It wasn’t that everything else was easy, everything else was probably in actuality more demanding. Getting the visa was difficult because it was stressful and not exciting. I had to apply for it, register it, make sure I had a copy of the invitation etc. The research, although difficult, was satisfying and I didn’t think that it was work because I had fun planning it and carrying it out. I guess the main difference was that I liked doing the research, but trying to get the visa sorted out was a chore. SRAS and Renee were a big support and made it seem manageable.
SRAS: The question we are sure everyone is waiting for: What were the findings from your research?
ML: I found that kids do actively figure out grammar on their own (even if they don’t realize it themselves). If they couldn’t, they would only guess whether a word was “alive” or not correctly about 50% of the time. In reality, they did significantly better (around 64% correct, with some scoring around 80%). However, as they got older, they did a bit worse, indicating that imitation also plays an important role.
Specifically, Four year-olds were able to answer about 75% of the questions correctly. Five-, six-, and seven-year-olds were only able to get about 60% of the questions right.
The research shows that early on children do develop broad rules, but then as they get older they have to learn the specifics and can’t rely on those rules as much anymore. So yes, they do lose those early rules they developed independently as they age (to a certain extent). Of course, they could be simply refining them. One thing that could have influenced the results is the so-called “partitive” where inanimate objects that act as the direct object take genitive endings to indicate “some” (i.e. Я хочу сахара / I want some sugar). Five-, six-, and seven-year-olds may have developed a rule for the partitive and can’t rely solely on their knowledge of the accusative case anymore.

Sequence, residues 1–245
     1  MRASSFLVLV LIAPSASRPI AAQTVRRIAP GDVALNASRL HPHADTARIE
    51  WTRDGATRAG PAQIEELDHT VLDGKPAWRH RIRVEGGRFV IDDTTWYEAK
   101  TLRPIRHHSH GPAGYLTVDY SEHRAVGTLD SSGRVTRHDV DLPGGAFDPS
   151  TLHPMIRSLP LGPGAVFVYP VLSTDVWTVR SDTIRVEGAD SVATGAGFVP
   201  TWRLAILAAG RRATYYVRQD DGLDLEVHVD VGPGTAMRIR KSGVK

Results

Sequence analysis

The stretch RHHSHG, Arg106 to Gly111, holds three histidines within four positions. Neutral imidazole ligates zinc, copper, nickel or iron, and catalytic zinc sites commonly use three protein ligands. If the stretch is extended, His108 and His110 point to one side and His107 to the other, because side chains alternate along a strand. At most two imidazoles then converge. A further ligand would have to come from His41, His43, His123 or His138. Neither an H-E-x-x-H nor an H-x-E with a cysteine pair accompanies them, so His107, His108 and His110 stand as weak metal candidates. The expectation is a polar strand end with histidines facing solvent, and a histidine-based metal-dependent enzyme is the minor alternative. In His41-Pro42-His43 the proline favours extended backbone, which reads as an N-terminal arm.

The rules of Russian grammar are complex, and kids can’t just use one rule for everything, and so as they age, they rely more on how others speak in order to use grammar correctly (to a certain extent). It’s a complex relationship between cognition and conditioning (if we’re talking about psychology).
I guess you could just say, “Children keep refining and/or creating new rules as they age that replace their old ones.” I hope that makes sense.
SRAS: Facinating. Did you get a chance to travel around Russia in the time that you were there? What can you tell us about your Russia experience outside of your research?
ML: I did get to travel around Russia and visit some other cities there. Besides St. Petersburg and Sestroretsk I was able to visit Pskov. I was there in the middle of July, which happened to be the “Founder’s Day” (день города). It was amazing. There were all sorts of festivities and fireworks around 11:00 PM. I got to pick berries with some of my Russian friends and just relax.
SRAS: You are scheduled to graduate in spring of 2010 – what are your plans after graduation? What are your career goals?
ML: At this point, I’m not exactly sure how things are going to develop after graduation. I would like to go to graduate school for psychology, but there are so many different “schools” of psychology (i.e. behavioral, cognitive, biological, neurological… etc) that it is hard to decide. I am somewhat interested in neuropsychology. I’m also thinking about doing something with Russian studies, but I’m just not sure. I would like to take off a year and possibly work in Russia and/or see what kind of contacts I can make and what paths present themselves.
As to working in Russia, I don’t have anything really planned out yet, except to possibly teach English somehow (through English First or something). I did find a Neuropsychological Group in St. Petersburg, and have also tried to contact them about applying.
Contact SRAS for more information on how we can help scholars with visas, housing, insurance, and other on-the-ground support in Russia.